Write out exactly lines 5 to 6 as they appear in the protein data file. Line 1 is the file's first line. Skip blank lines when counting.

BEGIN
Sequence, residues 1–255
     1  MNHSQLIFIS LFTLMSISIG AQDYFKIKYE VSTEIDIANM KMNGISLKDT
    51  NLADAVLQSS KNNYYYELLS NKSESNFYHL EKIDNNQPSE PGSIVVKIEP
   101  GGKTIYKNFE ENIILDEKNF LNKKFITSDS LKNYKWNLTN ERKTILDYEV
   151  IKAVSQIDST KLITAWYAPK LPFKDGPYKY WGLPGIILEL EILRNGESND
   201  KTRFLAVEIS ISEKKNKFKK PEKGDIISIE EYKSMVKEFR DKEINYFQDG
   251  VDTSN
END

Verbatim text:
   151  IKAVSQIDST KLITAWYAPK LPFKDGPYKY WGLPGIILEL EILRNGESND
   201  KTRFLAVEIS ISEKKNKFKK PEKGDIISIE EYKSMVKEFR DKEINYFQDG